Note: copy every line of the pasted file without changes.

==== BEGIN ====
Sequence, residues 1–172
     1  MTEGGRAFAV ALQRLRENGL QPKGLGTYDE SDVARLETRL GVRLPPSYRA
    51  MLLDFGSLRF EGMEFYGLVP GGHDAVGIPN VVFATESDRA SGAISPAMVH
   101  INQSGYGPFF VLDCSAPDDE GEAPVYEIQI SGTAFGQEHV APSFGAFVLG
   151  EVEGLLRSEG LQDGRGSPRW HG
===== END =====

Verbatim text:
Sequence, residues 1–172
     1  MTEGGRAFAV ALQRLRENGL QPKGLGTYDE SDVARLETRL GVRLPPSYRA
    51  MLLDFGSLRF EGMEFYGLVP GGHDAVGIPN VVFATESDRA SGAISPAMVH
   101  INQSGYGPFF VLDCSAPDDE GEAPVYEIQI SGTAFGQEHV APSFGAFVLG
   151  EVEGLLRSEG LQDGRGSPRW HG